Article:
with special needs, had not been able to attend a conference in decades, and who can now participate in as many virtual talks and workshops as their time and interest will allow. Even with all the goodwill to build an inclusive conference, there was no pre-pandemic mechanism to include people with such challenges; they were marginalized, their requirements deemed too expensive, too specialized to provide meaningful support. Before the pandemic, you had to be at the right place at the right time to be part of a research breakthrough or enjoy the benefits of a great educational program. Not any more.

One hopes, at least in this case, for some positive change once the pandemic ends. In fact, this shift had already happened outside academia before the pandemic. Large scale research and development teams at tech companies like Google and Amazon solved problems (many of them mathematical!) working remotely. The pandemic has merely demonstrated that collaboration is possible even without physical proximity. As conferences and workshops start up again, as mainstream academics revel in the joy of human contact and in-person intellectual exchange, let us leave a channel of participation open to members of our communities who, by choice or circumstance, may not be able to physically join in the celebration. Let’s go hybrid.

The pandemic has put a spotlight on many things, among them the power of science and technology, international collaboration and human resilience. It has also highlighted the stark realities of inequity, in gender [8, 9], in race [10, 11], and mostly in socio-economic privilege. Amidst millions of lost jobs, most university faculty are still employed. Most of us have not needed to put ourselves at risk on the frontlines every day. Many of us have the ability to work from home, migrate our meetings and courses online, work on problems that do not rely on field data. Others have not
had that luxury. Young people such as our students and postdocs have also faced a very different reality. Not at liberty to put their academic progress or career trajectories on hold, they have made a virtual entry into post-secondary institutions or into the job market, and have had to adapt to a life completely at odds with their dreams and expectations. Many have done so with a growing sense of isolation, lack of human contact or adequate infrastructural or emotional support. They deserve at the very least empathy and understanding. Thanks to technology, windows have opened as doors have closed, providing glimpses into worlds that were invisible to us before the pandemic. As we move towards a COVID-free future, let us not lose sight of these worlds.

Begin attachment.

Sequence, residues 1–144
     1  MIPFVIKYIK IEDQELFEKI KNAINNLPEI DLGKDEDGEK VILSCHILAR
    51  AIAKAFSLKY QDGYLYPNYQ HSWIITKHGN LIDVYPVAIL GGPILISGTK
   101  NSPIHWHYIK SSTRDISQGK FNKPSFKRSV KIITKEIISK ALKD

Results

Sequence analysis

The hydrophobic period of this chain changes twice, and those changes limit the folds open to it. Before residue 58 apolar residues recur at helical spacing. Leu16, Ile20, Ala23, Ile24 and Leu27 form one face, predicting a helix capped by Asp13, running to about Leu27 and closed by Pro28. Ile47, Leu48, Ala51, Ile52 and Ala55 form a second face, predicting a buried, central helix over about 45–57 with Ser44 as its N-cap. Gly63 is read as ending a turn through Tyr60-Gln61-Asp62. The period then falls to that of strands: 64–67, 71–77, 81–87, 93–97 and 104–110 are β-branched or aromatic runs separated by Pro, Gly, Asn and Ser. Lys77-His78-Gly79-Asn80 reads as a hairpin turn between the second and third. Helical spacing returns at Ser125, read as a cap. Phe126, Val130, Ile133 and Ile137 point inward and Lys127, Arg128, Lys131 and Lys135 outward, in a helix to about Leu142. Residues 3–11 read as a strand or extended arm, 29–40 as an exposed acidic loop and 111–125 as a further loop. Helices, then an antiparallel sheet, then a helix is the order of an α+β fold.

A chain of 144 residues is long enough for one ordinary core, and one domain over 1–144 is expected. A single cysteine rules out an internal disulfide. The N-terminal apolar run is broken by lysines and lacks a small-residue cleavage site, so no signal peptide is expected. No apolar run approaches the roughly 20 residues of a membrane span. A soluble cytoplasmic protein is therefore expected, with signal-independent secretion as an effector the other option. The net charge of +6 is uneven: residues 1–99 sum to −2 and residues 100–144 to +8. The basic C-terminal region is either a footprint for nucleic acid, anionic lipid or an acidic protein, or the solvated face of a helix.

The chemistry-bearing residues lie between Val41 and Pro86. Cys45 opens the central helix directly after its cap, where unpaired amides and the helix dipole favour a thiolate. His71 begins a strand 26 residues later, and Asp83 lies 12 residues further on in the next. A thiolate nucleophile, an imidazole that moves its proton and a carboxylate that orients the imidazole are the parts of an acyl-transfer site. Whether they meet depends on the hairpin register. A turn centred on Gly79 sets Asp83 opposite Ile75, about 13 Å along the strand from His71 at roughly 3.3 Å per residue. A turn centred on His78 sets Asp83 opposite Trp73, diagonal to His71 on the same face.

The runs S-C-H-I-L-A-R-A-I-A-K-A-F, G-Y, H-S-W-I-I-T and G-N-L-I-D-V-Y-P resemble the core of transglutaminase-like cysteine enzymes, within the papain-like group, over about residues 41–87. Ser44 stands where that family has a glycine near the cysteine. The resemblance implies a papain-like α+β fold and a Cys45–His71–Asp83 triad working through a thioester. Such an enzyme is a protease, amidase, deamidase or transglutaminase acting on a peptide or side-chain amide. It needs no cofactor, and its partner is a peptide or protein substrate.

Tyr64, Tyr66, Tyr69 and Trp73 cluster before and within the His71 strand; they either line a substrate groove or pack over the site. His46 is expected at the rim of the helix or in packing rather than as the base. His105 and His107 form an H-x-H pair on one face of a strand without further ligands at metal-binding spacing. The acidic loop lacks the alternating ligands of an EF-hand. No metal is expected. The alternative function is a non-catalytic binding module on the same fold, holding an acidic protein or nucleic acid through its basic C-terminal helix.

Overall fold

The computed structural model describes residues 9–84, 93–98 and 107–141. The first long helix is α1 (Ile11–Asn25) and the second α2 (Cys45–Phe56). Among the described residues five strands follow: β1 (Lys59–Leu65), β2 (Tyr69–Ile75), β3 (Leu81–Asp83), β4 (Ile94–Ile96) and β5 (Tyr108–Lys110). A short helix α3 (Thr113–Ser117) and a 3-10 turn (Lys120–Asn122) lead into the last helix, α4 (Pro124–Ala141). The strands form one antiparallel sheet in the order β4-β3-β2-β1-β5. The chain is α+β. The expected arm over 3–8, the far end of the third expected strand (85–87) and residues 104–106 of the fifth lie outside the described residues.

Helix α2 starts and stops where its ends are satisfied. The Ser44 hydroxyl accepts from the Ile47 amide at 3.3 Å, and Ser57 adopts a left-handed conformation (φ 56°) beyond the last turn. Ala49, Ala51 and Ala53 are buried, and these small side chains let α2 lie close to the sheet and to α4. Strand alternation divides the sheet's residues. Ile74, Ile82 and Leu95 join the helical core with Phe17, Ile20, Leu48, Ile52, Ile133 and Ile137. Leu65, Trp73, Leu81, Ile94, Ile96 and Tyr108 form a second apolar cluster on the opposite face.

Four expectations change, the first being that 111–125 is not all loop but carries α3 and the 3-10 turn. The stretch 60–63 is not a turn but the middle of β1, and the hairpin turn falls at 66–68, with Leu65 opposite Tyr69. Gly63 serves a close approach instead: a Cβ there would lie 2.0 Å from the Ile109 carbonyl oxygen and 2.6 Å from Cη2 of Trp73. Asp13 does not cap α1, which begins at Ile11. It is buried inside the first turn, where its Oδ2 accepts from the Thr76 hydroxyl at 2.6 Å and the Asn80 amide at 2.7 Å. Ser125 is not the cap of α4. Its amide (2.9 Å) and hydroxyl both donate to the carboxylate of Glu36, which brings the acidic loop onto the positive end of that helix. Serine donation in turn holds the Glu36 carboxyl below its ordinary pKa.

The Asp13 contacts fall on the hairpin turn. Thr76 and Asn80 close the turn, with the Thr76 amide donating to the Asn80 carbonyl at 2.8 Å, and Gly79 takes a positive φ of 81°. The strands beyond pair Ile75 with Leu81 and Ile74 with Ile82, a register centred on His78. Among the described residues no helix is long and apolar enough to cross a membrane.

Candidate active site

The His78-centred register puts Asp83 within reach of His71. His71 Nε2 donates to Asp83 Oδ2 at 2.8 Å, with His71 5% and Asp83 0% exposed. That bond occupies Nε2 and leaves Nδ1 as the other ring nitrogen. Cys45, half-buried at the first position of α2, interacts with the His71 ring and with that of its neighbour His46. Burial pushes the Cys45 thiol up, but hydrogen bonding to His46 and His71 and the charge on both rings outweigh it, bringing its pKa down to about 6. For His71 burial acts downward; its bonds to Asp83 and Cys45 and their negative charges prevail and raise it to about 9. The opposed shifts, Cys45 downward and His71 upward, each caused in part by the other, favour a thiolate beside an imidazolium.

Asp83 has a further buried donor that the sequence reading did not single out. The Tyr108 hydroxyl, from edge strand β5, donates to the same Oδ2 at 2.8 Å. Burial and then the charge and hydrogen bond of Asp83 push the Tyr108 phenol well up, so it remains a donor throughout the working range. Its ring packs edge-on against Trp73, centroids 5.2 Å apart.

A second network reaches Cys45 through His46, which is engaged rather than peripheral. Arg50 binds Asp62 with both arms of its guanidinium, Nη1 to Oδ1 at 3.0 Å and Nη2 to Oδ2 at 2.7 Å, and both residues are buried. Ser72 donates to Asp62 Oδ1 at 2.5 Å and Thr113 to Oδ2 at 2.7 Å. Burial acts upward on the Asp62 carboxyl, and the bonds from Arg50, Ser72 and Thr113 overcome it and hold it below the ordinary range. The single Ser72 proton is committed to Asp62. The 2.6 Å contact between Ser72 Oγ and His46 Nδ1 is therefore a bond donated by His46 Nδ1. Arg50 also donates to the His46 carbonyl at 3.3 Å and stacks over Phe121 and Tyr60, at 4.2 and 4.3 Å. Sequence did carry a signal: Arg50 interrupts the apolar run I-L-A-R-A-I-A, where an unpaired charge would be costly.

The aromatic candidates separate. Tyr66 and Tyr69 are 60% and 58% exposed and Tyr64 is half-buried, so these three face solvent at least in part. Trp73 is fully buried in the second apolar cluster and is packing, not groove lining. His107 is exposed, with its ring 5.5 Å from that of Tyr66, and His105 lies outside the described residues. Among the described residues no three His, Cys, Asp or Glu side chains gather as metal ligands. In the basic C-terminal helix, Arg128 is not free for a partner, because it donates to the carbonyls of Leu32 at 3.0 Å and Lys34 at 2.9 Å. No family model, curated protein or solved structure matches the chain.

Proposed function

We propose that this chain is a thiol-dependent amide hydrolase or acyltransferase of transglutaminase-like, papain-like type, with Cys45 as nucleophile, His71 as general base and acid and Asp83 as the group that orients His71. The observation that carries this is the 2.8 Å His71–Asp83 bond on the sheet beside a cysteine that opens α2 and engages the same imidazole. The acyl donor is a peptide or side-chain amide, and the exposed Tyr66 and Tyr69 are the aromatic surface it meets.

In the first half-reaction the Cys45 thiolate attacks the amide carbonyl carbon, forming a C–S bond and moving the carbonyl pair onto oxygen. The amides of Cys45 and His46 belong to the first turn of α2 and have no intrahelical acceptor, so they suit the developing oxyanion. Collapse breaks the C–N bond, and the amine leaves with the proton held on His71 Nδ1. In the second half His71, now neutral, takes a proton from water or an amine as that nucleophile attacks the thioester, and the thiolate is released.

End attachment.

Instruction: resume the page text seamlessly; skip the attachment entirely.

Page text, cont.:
[1] Mathematical model makes a case for immunizing the oldest first, Kelly Grant, the Globe and Mail, December 18, 2020.
[2] The Current, CBC Radio, March 1, 2021 https://www.cbc.ca/radio/thecurrent/the-current-for-march-1-2021-.5931671/march-1-2021-episode-transcript-1.5932437
[3] Tam takes aim at COVID-19 `infodemic’, urges vigilance over misleading online content, Raisa Patel, CBC News, February 14, 2021, https://www.cbc.ca/news/politics/theresa-tam-COVID-19-infodemic-1.5914178
[4] The Top Doctor Who Aced the Coronavirus Test, Katherine Porter, NY Times, June 5, 2020, https://www.nytimes.com/2020/06/05/world/canada/bonnie-henry-british-columbia-coronavirus.html
[5] Chief medical adviser says Health Canada preparing for quick approval of boosters, CTV News, Mia Robson, March 4, 2021, https://www.ctvnews.ca/health/coronavirus/chief-medical-adviser-says-health-canada-preparing-for-quick-approval-of-boosters-1.5333219
[6] Meet the black female scientist at the forefront of COVID-19 vaccine development, CBS News, January 9, 2021, https://www.cbsnews.com/news/COVID-19-vaccine-development-kizzmekia-corbett/
[7] U of T researcher to lead city’s Black Scientists’ Task Force on Vaccine Equity, U of T News, February 3, 2021, Heidi Singer, https://www.utoronto.ca/news/u-t-researcher-lead-city-s-black-scientists-task-force-vaccine-equity
[8] `Perfect storm’: Growing calls to address domestic violence during coronavirus, Global News, Saba Aziz, November 25, 2020, https://globalnews.ca/news/7483974/coronavirus-domestic-violence-COVID-19/
[9] An open letter from the EWM, European Women in Mathematics, https://www.europeanwomeninmaths.org/ewm-open-letter-on-the-COVID-19-pandemic/
[10] Racial disparities in COVID-19, Wei Li, Science Policy, Special Edition: Science policy and social justice, Harvard University Graduate School of Arts and Sciences, October 24, 2020, https://sitn.hms.harvard.edu/ ash/2020/racial-disparities-in-COVID-19/
[11] Racial Inequity, COVID-19 And The Education Of Black And Other Marginalized Students, Carl E. James, Royal Society of Canada, November 12, 2020, https://rsc-src.ca/en/COVID-19/impact-COVID-19-in-racialized-communities/racial-inequity-COVID-19-and-education-black-and